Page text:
Every child has the right to survival, protection and education, and to have their voice heard. These and many other fundamental children’s rights are outlined in the UNCRC (United Nations Convention on the Rights of the Child).
The UNCRC consists of 54 articles that set out children’s rights and how governments should work together to make them available to all children.
Since it was adopted by the United Nations in November 1989, 194 countries have signed up to the UNCRC, with only two countries in the world still to ratify. All countries that sign up to the UNCRC are bound by international law to ensure it is implemented. This is monitored by the Committee on the Rights of the Child.
Under the terms of the convention, governments are required to meet children’s basic needs and help them reach their full potential. Central to this is the acknowledgment that every child has basic fundamental rights. These include the right to:
We, as a school, have the articles of the UNCRC at the very core of our ethos and curriculum.
We are working towards Level One of the Rights Respecting School's Award having already achieved The Recognition of Commitment from UNICEF.
Unicef work for children in over 190 countries. They exist to represent and support children, and the coronavirus outbreak is no exception.
In the UK
Unicef is helping children, parents and teachers in every way we can. With the schools shut, exams and children’s activities cancelled, they will continue to ensure that the inspiring and unique voices of children are heard. They have also provided teachers with resources on helping children and young people learn about rights from home.
Around the world
Global cooperation is essential and at the heart of our values. Unicef has been working closely with governments and the World Health Organization (WHO) since the start of the coronavirus outbreak. They are providing:
Read the Coronavirus book for children and talk about what you are doing as a family to keep healthy during this time.
Article 17 - Access to information from the media
Every child has the right to reliable information from a variety of sources, and governments should encourage the media to provide information that children can understand.
Governments must help protect children from materials that could harm them.
Article 30 – Minority culture, language and religion
Every child has the right to learn and use the language, customs and religion of their family whether or not these are shared by the majority of the people in the country where they live.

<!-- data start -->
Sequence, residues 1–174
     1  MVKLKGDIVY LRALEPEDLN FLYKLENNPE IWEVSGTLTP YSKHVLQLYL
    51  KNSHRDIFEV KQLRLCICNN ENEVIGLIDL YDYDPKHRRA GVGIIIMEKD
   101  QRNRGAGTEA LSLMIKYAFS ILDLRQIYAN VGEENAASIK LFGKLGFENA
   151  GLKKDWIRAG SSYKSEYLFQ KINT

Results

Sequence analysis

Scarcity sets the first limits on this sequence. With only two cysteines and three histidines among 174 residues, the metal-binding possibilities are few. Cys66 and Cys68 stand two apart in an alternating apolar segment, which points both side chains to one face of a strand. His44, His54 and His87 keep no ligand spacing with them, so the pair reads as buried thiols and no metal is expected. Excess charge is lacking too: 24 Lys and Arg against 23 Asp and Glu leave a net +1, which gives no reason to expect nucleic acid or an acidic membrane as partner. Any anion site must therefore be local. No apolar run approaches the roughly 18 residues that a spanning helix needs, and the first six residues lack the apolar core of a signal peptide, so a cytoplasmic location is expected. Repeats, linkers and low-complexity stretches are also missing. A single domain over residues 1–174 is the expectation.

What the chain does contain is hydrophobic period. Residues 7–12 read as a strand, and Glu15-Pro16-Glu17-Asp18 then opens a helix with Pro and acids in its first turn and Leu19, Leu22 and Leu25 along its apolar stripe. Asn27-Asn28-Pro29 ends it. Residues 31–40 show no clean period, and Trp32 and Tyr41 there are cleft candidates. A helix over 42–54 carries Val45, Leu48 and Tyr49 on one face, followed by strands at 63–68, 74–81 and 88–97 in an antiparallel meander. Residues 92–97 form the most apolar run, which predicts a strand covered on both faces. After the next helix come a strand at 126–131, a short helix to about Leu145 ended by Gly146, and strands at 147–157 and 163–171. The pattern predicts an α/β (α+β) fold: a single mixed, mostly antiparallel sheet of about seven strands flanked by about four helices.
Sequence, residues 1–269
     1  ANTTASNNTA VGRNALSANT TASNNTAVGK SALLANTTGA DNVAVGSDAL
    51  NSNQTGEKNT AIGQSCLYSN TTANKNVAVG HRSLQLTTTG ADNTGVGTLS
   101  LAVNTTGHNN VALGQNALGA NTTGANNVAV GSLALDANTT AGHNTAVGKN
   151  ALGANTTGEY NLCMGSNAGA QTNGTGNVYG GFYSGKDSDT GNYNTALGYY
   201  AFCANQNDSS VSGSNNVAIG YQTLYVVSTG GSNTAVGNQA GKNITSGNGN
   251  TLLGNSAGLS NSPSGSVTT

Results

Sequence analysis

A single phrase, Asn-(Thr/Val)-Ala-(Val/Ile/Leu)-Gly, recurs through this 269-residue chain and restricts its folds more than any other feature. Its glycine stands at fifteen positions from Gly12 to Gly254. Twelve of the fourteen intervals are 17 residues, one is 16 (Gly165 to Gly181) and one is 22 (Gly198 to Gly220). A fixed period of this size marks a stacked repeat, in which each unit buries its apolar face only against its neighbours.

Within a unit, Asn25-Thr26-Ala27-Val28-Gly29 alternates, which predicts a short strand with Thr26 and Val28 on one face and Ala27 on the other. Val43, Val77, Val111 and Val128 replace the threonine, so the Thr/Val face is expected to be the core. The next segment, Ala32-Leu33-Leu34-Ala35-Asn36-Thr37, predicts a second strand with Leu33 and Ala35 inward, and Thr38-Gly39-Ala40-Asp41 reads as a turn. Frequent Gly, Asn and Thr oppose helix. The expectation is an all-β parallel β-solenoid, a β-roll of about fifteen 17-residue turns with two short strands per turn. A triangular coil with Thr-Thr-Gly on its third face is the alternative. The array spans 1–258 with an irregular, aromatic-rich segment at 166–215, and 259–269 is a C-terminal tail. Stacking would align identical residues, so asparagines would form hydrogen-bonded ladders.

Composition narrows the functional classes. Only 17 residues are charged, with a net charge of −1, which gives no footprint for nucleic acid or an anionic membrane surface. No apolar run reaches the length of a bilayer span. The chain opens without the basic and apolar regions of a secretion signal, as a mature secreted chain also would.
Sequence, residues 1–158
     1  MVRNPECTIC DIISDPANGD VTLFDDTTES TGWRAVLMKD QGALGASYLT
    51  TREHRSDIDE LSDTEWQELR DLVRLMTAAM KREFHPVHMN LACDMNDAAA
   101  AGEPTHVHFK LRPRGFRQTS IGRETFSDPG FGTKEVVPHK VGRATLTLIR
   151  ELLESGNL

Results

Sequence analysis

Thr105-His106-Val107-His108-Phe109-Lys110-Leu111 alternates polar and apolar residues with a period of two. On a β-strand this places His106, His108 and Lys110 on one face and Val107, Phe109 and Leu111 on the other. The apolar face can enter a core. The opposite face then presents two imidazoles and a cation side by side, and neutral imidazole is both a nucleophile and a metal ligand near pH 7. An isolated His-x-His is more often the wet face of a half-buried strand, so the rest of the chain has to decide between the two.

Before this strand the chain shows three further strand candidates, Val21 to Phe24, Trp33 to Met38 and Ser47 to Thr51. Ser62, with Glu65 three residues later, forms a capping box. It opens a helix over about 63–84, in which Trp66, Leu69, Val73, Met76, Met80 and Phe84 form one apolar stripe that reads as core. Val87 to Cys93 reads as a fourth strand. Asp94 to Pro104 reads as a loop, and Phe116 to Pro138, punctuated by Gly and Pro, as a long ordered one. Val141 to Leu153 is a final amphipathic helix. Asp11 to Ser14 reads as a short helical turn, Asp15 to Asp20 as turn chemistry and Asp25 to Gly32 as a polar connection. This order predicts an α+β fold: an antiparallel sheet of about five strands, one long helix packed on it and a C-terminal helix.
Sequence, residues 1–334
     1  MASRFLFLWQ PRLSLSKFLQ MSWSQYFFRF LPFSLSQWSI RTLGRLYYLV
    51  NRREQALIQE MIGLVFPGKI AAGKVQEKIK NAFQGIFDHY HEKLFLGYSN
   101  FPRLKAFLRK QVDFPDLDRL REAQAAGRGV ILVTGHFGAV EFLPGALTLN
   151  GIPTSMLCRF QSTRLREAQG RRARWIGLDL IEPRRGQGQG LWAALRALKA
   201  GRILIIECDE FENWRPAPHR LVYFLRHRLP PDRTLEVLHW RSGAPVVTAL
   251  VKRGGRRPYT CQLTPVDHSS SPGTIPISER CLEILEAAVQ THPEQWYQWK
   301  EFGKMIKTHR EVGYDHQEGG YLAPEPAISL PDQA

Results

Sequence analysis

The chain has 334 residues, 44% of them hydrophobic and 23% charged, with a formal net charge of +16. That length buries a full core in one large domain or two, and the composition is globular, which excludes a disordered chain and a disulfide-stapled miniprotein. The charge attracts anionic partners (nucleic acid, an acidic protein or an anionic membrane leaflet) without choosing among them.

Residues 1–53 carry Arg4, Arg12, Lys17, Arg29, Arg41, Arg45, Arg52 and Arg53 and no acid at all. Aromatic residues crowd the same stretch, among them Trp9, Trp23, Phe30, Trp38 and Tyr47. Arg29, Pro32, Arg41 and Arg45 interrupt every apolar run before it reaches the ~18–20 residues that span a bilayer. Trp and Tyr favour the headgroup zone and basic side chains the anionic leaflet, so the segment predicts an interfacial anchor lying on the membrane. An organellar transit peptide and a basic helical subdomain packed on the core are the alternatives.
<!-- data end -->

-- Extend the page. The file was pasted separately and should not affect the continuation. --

Article 2 – Non - discrimination.
Article 19 – Knowledge of rights.
Article 19 – Protection from violence, abuse and neglect.
Governments must do all they can to ensure that children are protected from all forms of violence, abuse, neglect and bad treatment by their parents or anyone else who looks after them.
Every child has the right to an education.
Primary education must be free and different forms of secondary education must be available to every child.
Discipline in schools must respect children’s dignity and their rights.
Richer countries must help poorer countries achieve this.
Why is education important for children and young people?
Every child has the right to think and believe what they choose and also to practise their religion, as long as they are not stopping other people from enjoying their rights.
Governments must respect the rights and responsibilities of parents to guide their child as they grow up.
How does your school show they respect everyone’s beliefs?
Every child has the right to be registered at birth, to have a name and nationality, and, as far as possible, to know and be cared for by their parents.
Governments must provide good quality health care, clean water, nutritious food, and a clean environment and education on health and well-being so that children can stay healthy.
Write down what you can do to keep yourself healthy.
Draw or list people who can help you stay healthy and safe. What are their jobs?
Make a list with words or pictures of as many kinds of exercise you can think of.
Set up an obstacle course and challenge someone in your house to have a go.